Japanese as a people are big on tradition and etiquette; they have ceremonies for tea and martial art like moves at the Teppanyaki counter, so why should sushi be any different.
Eating sushi is an art the same as preparing and serving it. When you eat at a sushi bar, it’s mandatory to remember sushi etiquette so as not to offend the chef and also for a wonderful sushi experience.
Whenever you visit a sushi bar you must mention the number of your group so that the waitress can seat you and your companions at the bar. If you have a choice always choose an older chef for obvious reasons unless you are visiting on a recommendation. In which case do it subtly and politely without offending other sushi chefs.
A wet towel is provided for you to wipe your hands and face, a pair of chopsticks and a small dish for the soy sauce. The sauce must be poured out of the sauce jar and must just cover the bottom of the small dish, too much is a major no. Each shared plate or wooden mini plank placed in front of you as per the décor of the bar will have been sterilized after use so there would be no need to ask for another one.
With the narrow end of your chopsticks, or your fingers, pick up the sushi placed on the plate in front of you and dip it into the sauce from the fish side. Take care not to dip the rice end as it could leave stray rice grains in your dish. Place the sushi fish side touching your tongue in one go, without biting into it. Nevertheless sashimi should be eaten with chopsticks and maki-sushi can be dipped into the sauce from the rice end regardless of whether you are seated at the bar or at a table in the restaurant.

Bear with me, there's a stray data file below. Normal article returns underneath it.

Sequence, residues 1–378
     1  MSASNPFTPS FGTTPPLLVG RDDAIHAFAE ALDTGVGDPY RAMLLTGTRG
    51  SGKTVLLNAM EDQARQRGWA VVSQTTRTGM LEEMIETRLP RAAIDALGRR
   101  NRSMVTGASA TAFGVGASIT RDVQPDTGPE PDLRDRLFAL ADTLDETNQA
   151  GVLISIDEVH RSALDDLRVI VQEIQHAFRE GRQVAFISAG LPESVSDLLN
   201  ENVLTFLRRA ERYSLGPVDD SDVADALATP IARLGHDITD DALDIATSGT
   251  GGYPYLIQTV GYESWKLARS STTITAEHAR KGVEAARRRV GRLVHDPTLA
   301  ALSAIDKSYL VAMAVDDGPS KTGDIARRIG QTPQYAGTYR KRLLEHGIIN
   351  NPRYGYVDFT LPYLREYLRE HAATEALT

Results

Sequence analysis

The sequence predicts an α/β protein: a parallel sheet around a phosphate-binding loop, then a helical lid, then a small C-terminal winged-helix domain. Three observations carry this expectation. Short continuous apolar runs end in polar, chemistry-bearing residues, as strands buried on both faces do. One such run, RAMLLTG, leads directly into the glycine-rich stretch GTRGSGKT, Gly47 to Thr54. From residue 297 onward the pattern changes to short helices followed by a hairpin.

This way you get a taste of the fish first and rice later. If you want to add wasabi into your soy sauce do it with caution as most nigiri sushi has some wasabi added to the fish or rice or both. The Japanese also believe that adding wasabi freely to your soy sauce is like telling the chef you are unhappy with his preparation. Wasabi is mainly added to soy sauce if you are eating sashimi alone and not sushi. The gari or pickled ginger is placed on the platter for you to bite between each sushi and not to place on top of it. Gari actually acts as a palette cleanser between various sushi.
To keep your chef and yourself in good humor throughout your meal ask him to recommend fillings and toppings and additionally offer to buy him a sake or beer. For yourself however, stick to beer or tea as sake is not usually had with sushi. Keep your hands clean by using the wet towel provided upon arrival. Rest chopsticks on ceramic or other chopstick holders placed on the bar next to you and or lay them over the small sauce dish to signal the end of your meal to the chef.
Once done you could move to another table to allow others to enjoy their sushi at the bar if you want to have a bowl of soup or simply something else. At this point do not attempt to pay the chef because he never touches money. Hand over your bill amount to a waitress and add a 20% tip to your total. The tip in most Japanese restaurants is shared among all the staff.